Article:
If someone wanted to dig deep enough, I'm sure they could find out a lot of shady shit going on around The Villages. They have had a largely negative effect on the surrounding counties, particularly Sumter, where they pushed through a bullshit initiative a few years ago that basically ensures that the entire county commission is made up of Villages-favoring folks. But, of course, because the paper is controlled by the developers, it presents a very, very positive view of The Villages. There is no investigative journalism here. There is very little that even resembles journalism.

    I know the sports section used to cover the local high schools, with heavy emphasis on The Villages High School, which does reasonably well. I'm not sure if they still cover the ones beyond TVHS, though. (They at least used to cover South Sumter, which until this year was pretty dominant.)

    But the main priority is going to be on stuff that appeals to the geezer set. So a lot of golf, obviously, but also a lot of coverage of the sports activities within the community. Think senior men's softball features -- and gamers. Think pickleball tournaments. Think the Florida Senior Games, or whatever the hell they're called.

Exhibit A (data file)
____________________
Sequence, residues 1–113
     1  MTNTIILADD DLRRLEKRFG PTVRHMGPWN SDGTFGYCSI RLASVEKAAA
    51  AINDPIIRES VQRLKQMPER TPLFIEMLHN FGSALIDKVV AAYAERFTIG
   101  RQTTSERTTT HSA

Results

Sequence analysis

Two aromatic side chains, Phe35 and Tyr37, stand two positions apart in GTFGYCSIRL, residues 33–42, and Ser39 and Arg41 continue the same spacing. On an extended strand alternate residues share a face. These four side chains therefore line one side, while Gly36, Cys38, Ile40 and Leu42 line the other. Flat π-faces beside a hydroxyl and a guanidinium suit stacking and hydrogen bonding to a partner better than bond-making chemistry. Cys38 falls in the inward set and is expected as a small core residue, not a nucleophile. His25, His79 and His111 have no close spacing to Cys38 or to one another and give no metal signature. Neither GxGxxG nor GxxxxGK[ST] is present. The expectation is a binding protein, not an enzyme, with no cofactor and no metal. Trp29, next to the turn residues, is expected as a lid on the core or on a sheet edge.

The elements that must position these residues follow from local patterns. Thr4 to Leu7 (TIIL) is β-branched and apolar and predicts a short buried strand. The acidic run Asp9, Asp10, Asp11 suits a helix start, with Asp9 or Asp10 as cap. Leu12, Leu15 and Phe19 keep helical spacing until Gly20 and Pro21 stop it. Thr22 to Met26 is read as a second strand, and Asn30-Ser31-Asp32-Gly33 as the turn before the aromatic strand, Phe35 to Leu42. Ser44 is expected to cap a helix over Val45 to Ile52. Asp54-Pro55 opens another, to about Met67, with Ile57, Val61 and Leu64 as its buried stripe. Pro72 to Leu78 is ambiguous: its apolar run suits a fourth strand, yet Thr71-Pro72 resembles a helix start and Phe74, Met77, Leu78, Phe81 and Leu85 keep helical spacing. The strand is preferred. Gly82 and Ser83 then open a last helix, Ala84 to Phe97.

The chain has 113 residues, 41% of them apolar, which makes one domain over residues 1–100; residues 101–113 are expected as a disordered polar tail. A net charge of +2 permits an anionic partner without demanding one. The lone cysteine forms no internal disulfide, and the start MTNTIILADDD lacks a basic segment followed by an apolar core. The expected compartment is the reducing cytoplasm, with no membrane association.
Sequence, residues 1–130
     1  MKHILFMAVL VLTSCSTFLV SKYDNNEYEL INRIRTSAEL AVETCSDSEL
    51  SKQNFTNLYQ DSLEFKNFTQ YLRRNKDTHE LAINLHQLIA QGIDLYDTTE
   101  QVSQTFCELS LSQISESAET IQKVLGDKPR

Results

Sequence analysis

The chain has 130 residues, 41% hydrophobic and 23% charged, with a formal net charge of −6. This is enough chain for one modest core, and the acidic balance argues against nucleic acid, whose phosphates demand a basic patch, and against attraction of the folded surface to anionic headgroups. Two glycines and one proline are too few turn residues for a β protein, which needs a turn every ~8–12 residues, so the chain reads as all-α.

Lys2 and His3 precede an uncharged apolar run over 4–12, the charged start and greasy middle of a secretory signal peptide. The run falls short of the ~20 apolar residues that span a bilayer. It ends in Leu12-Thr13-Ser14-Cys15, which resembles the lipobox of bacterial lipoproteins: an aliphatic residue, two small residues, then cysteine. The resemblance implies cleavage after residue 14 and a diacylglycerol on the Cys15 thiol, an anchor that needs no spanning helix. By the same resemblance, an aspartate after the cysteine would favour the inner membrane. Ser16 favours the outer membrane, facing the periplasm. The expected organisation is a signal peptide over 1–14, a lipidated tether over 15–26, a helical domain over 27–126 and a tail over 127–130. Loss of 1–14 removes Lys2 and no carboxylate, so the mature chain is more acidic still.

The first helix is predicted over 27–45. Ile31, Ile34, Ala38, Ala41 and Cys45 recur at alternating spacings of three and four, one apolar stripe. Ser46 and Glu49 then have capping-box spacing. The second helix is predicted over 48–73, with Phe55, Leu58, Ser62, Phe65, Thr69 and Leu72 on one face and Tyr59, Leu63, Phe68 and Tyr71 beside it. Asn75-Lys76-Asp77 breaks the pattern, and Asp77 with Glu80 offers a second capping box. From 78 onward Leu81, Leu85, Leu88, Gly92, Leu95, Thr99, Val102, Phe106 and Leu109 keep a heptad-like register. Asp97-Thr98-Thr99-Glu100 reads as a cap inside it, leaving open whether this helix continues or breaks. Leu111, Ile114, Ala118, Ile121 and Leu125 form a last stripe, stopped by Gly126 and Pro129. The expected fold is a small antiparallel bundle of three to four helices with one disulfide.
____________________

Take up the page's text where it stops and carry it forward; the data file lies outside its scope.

At least three days out of the week, the front-page centerpiece will be a picture of a Villages couple holding a picture of something else. I remember one a few years ago around Christmas that was about a couple whose son was somehow involved in providing the White House Christmas tree. In 1984. The fonts are massive, naturally, since the target audience is a retinal specialist's wet dream. But the presses seem pretty decent.

    George Bush visited in 2004, and I believe both McCain and Palin visited in 2008, if politics are your thing.

    So yeah. I don't have a high opinion of the place. But the paper's growing, if only because I'm pretty sure every Villages resident gets one. And it's the kind of place where people read newspapers, naturally. They do hire a lot, but I'm pretty sure the turnover's pretty high. It's the kind of place that can easily drive you crazy.